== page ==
Foods to Eat When Living With HIV

Foods to Eat When Living With HIV

Good nutrition is an important aspect of everyone’s health. It has a central role in ensuring the health and ability of the immune system to fight diseases. Regardless of your HIV status, a good diet can make your body feel better, get more energy and keep your bones and heart-healthy.

Living with HIV doesn’t compel you to make big changes in your diet, but a healthy and balanced diet can help improve your general health. If you take the anti retrieval drugs well and eat healthily, your viral load could be lowered to an extent your next HIV test can give good results. Throughout this post, we will discuss the best foods to eat when living with HIV.

Let’s have a look.

Types of food HIV patients should eat.

Generally, for people living with HIV, a healthy diet has the same effect on everyone else. Good nutrition should be a balance of different foods which should include:

  • Fruits and vegetables.
  • Starchy foods.
  • Unsaturated fats and spreads.
  • Fish, eggs, nuts, pulses, and meat.

Foods having a lot of fats and sugar should be taken less often and in small quantities. They can lead to other health conditions that can aggravate your situation as a person living with HIV.

1. Fruits and vegetables

These foods are known to be rich in vitamins, fiber, and minerals. Also, they are rich in antioxidants which help protect your immune system.
Fruits and vegetables should make at least a third of your daily intake; for instance, you need to aim at having five to nine servings of fruits each day. The best way of achieving this aim is to fill half of your plate with vegetables and an appropriate piece of fruit.

These foods are low in fat content and are effective if you are trying to lose weight. Additionally, they can help prevent heart diseases and certain cancer traits.

2. Starchy foods

Starchy foods are the primary source of carbohydrates and play an essential role in our general health. Mainly, these foods include bread, millet, cereals, cassava, green bananas, rice, maize meal, and yam.

Starchy food should make the basis of your diet, precisely a third of your daily food intake. They give carbohydrates which are responsible for providing energy, iron, fiber, calcium, and B vitamins.

Taking foods rich in fiber helps with digestion problems and reduces the chances of developing heart disease, bowel cancer, and type 2 diabetes.

It is advisable to choose whole grain carbohydrates over refined ones where possible. This is because they have more vitamins, fibers, and minerals.

Leaving peels on potatoes also can help boost your fiber intake.

In case you are allergic to gluten or suffering from coeliac disease, you can choose from the many gluten-free versions of starchy foods like bread and pasta.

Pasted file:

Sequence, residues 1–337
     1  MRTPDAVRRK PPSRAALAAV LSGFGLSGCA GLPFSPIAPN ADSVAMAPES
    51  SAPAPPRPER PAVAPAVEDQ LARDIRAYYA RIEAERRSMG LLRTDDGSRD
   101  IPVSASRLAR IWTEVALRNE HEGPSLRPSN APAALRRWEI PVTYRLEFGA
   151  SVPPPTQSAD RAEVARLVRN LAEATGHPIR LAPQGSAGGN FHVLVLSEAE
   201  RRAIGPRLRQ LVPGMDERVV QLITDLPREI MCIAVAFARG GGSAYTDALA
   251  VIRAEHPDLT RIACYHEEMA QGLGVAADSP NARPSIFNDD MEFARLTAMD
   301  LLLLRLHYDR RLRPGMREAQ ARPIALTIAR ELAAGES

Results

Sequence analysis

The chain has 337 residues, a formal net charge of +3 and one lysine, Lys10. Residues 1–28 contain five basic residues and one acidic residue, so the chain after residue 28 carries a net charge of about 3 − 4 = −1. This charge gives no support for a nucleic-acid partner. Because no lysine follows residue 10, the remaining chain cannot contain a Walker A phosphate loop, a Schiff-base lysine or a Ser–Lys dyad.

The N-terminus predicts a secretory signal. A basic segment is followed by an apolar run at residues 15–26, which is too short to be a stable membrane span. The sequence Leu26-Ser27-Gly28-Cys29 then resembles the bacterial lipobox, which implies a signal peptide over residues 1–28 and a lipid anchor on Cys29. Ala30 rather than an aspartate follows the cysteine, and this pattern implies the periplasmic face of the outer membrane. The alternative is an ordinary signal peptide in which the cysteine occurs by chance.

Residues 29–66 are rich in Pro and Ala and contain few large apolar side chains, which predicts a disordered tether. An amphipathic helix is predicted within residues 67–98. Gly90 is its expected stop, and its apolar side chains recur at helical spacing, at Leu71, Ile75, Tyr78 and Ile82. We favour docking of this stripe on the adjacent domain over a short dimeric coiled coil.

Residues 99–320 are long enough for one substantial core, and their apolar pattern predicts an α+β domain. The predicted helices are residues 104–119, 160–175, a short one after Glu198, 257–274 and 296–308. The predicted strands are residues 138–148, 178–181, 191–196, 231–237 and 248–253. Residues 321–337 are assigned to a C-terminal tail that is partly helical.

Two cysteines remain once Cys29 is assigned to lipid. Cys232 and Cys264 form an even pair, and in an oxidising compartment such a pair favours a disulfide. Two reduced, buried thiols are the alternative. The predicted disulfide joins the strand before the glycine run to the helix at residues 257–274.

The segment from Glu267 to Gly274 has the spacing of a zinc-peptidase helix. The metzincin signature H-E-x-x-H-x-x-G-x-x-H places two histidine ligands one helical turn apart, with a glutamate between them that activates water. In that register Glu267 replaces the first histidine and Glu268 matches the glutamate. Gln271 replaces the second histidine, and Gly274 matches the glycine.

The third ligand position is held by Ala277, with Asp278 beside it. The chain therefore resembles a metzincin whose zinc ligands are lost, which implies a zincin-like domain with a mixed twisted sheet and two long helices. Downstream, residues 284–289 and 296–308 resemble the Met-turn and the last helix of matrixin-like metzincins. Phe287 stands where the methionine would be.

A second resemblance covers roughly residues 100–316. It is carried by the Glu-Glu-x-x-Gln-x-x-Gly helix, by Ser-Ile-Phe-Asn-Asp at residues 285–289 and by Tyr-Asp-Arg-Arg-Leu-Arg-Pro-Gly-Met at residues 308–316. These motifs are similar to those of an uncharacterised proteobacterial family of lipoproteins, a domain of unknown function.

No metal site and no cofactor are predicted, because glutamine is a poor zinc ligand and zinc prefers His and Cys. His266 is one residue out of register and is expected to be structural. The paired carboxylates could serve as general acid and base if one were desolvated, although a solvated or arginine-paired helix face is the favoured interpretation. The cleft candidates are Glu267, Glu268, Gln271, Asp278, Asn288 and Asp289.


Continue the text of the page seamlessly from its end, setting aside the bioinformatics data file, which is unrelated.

3. Dairy products

This includes cheese, yogurt, and milk. They are rich in minerals, vitamins and most notably, they are known for having more calcium. Like the above foods, you need to include some dairy products or their alternatives in your daily food intake.

If you are allergic to dairy products, you can get calcium from alternatives like soy, oat, nut, or coconut. You are advised to check the product labels carefully as not all the options are fortified with calcium.

Another good source of calcium if you are allergic to dairy products is fish. Eating fish with bones such as sardines, tilapia, or whitebait will provide you with enough mineral sources.

4. Beans, eggs, fish, meat, and nuts

These foods are known to provide lean proteins, essential in building muscles and a strong immune system. And it is vital to eat more protein if you are in the later stage of HIV or underweight.

Choosing non-animal-based protein options like pulses (lentils, beans, and peas) provide you with a great source of cheap and low-fat proteins, which is best for your heart.

Also, you can get great benefits from eating at least two portions of fish weekly. For instance, including a single portion of oily food can help lower your risk of having cardiac-related problems. Oily fish are rich in omega-3 possessing anti-inflammatory traits recommended for a good heart.

5. Limit your sugar and salt intake

Regardless of the reasons, whether it is due to the type of treatment drugs you are using or the virus itself, HIV increases your heart attack chances.

Taking too much salt and sugar can boost your chances of getting a cardiac attack and aggravate your condition as an HIV positive victim.

It is recommended to have only 10% of your daily calorie intake from drinks and foods with added sugar or salt.


If you live with HIV, nutrition and HIV is a discussion you will need to pay more attention to since your body will experience changes due to the disease itself and the medications.

Though being HIV positive does not require you to change a lot of what you have been eating, adhering to a natural, healthy and balanced diet will keep you stronger, active, and healthy.

Eat a lot of starchy foods, fruits and vegetables, dairy products, and food that provide lean proteins like fish, beans, pulses, etc., to reap the required minerals and vitamins helpful for your condition as an HIV patient.
Reduce your sugar and salt intake to avoid increasing the chances of getting a heart attack, given that HIV itself boosts your chances of cardiac problems.

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